CHARLOTTE, N.C. (WBTV/AP) - Viewers from across our area quickly captured images and video as NASA’s SpaceX launched four astronauts into orbit Friday morning, with some wondering what exactly they were seeing move through the sky.
SpaceX Falcon 9 rocket launched from Cape Canaveral, Florida just before 6 a.m. Pictures and video clips flooded in a short time later.
Some in our area were certain of what they were seeing, while others asked questions:
6:05 a.m. - “What is this?”
6:08 a.m. - “UFO ???”
6:11 a.m. - “Is this a meteor?”
6: 10 a.m. - “So what’s the big huge light ball in the sky I got it on video?”
6: 25 a.m. - “What is it?”
“That is wild,” said one viewer, who captured video at Charlotte Douglas International Airport.
The astronauts from the U.S., Japan and France should reach the International Space Station early Saturday morning, following a 23-hour ride in the same Dragon capsule used by SpaceX’s debut crew last May. They’ll spend six months at the orbiting lab.
It was the first time SpaceX reused a capsule and rocket to launch astronauts for NASA, after years of proving the capability on station supply runs. The rocket was used last November on the company’s second astronaut flight.
WBTV’s Lileana Pearson tweeted video of the launch from the news station: “Spotted the launch from Florida’s space station.”
It was a stunning scene: The launch plume glowed against the dark sky, reflecting the sunlight at high altitude. “Just spectacular,” said NASA’s acting administrator Steve Jurczyk.
A masked Musk met briefly with the astronauts at NASA’s Kennedy Space Center before they boarded white gull-winged Teslas from his electric car company. The astronauts’ spouses and children huddled around the cars for one last “love you” before the caravan pulled away and headed to the pad in the predawn darkness.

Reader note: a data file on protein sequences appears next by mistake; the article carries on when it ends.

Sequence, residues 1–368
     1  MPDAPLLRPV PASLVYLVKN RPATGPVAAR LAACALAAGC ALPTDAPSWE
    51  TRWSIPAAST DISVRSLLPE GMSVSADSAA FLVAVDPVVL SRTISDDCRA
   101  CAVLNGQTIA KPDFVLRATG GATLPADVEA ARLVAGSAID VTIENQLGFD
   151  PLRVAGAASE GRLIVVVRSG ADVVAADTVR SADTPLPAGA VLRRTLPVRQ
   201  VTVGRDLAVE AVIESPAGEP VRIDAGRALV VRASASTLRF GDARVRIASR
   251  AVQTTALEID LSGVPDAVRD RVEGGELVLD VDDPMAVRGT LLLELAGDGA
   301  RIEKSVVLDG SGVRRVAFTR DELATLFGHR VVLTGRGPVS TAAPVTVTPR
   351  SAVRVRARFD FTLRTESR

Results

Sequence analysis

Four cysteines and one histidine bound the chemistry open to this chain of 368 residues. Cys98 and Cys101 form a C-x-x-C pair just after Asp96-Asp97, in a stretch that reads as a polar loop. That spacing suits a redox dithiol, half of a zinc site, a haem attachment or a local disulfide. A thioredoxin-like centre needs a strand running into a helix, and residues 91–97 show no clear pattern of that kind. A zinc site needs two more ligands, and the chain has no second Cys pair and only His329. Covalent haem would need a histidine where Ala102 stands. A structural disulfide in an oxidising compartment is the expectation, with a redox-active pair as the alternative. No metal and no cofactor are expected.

Despite the early hour, spectators lined surrounding roads to watch the Falcon take flight an hour before sunrise. Liftoff was delayed a day to take advantage of better weather along the East Coast in case of a launch abort and emergency splashdown.
NASA limited the number of launch guests because of COVID-19, but SpaceX’s next private passengers made the cut.
For Friday’s automated flight, SpaceX replaced some valves and thermal shielding, and installed new parachutes on the capsule, named Endeavour after NASA’s retired space shuttle. Otherwise, the spacecraft is the same vehicle that flew before.
The first-stage booster touched down on an ocean platform nine minutes later.
“It’s a great time to be here, and we’re very excited,” the European Space Agency’s Frank De Winne, an astronaut turned manager, said shortly before liftoff. The space station eventually will come to an end, he noted, but the partnership will continue amid hopes of “European astronauts one day walking on the surface of the moon.”
If you captured video of the incredible event, show us here.